Plate VI. Reproduction of an impression (reduced) of the key-block of a Japanese print showing admirable variety in the means used to suggest form.

Fig 9
Fig. 9.—Knife cuts in section.
Fig 10
Fig. 10.—Diagram of knife cuts.

The actual cutting proceeds as follows: Starting at some point where the surface of the key-block design has been oiled and made distinct, a shallow cut is made along one side of any form in the design, with the knife held slanting so that the cut slants away from the edge of the form. A second outer parallel cut is then made with the knife held slanting in the opposite direction from the first, so that the two cuts together make a V-shaped trench all along the line of the form. The little strip of wood cut out should detach itself as the second cut is made, and should not need any picking out or further cutting if the first two cuts are cleanly made. This shallow V-shaped trench is continued all round the masses and along both sides of all the lines of the design. No clearing of the intervening spaces should be attempted until this is done. It will be seen at once that the V-shaped cuts give great strength to the printing lines, so that a quite fine line between two cuts may have a strong, broad base (fig. 9). The depth of the cut would be slightly shallower than that shown in this diagram. In cutting fine line work a cut is first made a little beyond the line, then the cut is made on the line itself (fig. 10).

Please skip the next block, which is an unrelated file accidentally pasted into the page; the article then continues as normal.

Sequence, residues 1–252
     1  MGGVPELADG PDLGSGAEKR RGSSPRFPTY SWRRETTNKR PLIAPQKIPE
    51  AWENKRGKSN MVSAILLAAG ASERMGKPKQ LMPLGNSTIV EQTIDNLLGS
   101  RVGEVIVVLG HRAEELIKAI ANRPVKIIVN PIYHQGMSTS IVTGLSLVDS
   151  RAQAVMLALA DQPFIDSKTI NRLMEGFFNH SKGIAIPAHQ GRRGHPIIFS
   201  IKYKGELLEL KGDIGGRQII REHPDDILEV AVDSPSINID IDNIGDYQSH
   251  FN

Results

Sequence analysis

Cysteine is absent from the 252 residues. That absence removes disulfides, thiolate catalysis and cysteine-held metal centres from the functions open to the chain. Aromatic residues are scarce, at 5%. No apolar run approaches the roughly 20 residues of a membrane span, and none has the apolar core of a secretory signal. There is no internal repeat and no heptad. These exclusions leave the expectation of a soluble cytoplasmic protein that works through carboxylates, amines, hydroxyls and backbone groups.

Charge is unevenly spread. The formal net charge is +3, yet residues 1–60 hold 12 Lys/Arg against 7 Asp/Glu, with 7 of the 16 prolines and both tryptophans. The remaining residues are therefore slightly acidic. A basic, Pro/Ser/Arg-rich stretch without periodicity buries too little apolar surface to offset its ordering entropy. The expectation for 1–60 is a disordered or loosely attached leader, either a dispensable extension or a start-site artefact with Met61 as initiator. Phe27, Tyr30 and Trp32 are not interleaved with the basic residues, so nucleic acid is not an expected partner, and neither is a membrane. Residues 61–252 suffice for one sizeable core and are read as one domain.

Where a very fine line is to be cut, especially if it is on a curve, the outer cut of the V trench should be made first, and then that which touches the line: there is thus less disturbance of the wood, and less danger of injuring the edge of the line.

When the V cut has been made outside all the lines, one proceeds to clear the intervening spaces between the lines of the design by taking tool No. 1 (fig. 5). The large spaces should be cleared first. The safest and quickest way is to make a small gouge cut with No. 1 round all the large spaces close up to the first cut, then, with one of the shallower chisels, Nos. 5, 6, or 7 (fig. 5), and the mallet, clear out the wood between the gouge cuts.

For all shallow cuts where the mallet is not needed, the Japanese hold the chisels as shown in fig. 11. With practice this will be found a very convenient and steady grip for the right hand. It has also the advantage that the chisel can be held against the centre of the body and exactly under one's eyes.

Fig 11